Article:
A few weeks ago I saw a woman in a clinic. She had recently gone through an ugly divorce and had moved across the country in an attempt to get a fresh start. After arriving in Utah, however, she found herself in an unfamiliar place. She felt isolated and alone. For the first time in her life, she experienced signs of depression. It seemed that her picture-perfect life was over.
I continued to gently probe, hoping to find a small positive influence in her life that might blossom into something bigger in the future. I eventually stumbled upon one — her dog. Tears filled her eyes as she explained that her dog was all that she had left in the world. Her countenance changed from resignation and defeat to love as she described waking up each day to find her dog laying on her stomach, nuzzling his head into her neck. All in all, the woman’s comments that day were a beautiful and powerful testimony to the potential healing power of animals.
Animal-assisted therapy (AAT) has been a resource used by clinicians for decades. It was first popularized in the 1960s by Yeshiva University psychologist Boris Levinson. It caught on quickly — by the early 1970s, a fifth of therapists were incorporating AAT into their practices.
Despite being around for so long, AAT remains a hotly debated topic. I was particularly surprised by the reaction I have received when bringing up AAT with friends and family since my experience in clinic. Many have dismissed the practice as a sham. Others have intimated that having a therapy dog is just a way to get around rules that ban pets in dorms or apartment buildings.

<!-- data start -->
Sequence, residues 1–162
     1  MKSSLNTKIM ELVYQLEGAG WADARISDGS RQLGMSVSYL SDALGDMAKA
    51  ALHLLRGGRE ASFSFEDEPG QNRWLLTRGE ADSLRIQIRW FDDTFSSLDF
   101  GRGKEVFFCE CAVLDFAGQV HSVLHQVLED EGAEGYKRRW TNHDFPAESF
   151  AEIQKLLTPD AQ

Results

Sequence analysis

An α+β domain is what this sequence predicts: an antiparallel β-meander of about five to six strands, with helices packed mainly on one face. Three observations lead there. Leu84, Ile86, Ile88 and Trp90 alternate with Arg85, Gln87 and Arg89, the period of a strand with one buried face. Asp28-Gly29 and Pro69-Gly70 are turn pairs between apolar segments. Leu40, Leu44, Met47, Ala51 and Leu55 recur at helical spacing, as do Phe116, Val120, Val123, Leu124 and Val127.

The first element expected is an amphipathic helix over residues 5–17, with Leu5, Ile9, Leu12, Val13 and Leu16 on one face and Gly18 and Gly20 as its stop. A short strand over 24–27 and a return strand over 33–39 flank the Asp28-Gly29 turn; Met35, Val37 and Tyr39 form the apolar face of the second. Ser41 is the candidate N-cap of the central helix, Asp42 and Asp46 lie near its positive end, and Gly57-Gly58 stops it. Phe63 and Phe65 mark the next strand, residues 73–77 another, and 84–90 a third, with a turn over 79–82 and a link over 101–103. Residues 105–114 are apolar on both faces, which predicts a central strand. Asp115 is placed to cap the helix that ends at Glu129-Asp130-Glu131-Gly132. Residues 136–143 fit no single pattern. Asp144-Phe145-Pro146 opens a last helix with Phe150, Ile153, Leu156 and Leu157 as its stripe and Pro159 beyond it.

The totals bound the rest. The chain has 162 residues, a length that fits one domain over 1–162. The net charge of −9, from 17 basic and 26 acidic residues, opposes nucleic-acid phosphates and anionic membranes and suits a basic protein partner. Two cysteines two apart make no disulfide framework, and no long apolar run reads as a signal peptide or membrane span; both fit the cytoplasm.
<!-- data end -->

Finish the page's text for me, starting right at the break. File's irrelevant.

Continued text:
Ever an empiricist, I rushed to consult the medical literature to arm myself with the facts before my next dinner table debate. As it turns out, the data is a mixed bag. On the one hand many studies show clear benefits of using AAT to treat such varied conditions as ADHD, Alzheimer’s, schizophrenia and depression. A series of recent articles have exposed the research into AATs as being seriously flawed in two ways, however.
First of all, AAT studies were poorly planned. Most were too small to be significant or lacked needed “control groups.” The few that had “control groups” did not select them randomly. A recent article in Psychology Today summarized the lot: “poor research methods have compromised the validity” of the results.
The other flaw was brought to attention here at the University of Utah by Dr. Janelle Nimer and Dr. Brad Lundahl of the College of Social Work. Together they reviewed 49 AAT studies and found a problem common to many areas of science — publication bias. When only the published studies were consulted, AAT’s record was unblemished. When unpublished studies were also included, AAT’s effect were nearly cut in half.
At the end of their paper, Dr. Nimer and Lundahl concluded, “Our findings support the continued use and investigation of AAT.” That is an appropriate status update on AAT’s place as an alternative to more established psychiatric therapies. Optimism regarding AAT remains high among mental health providers, but more work needs to be done to statistically confirm its efficacy.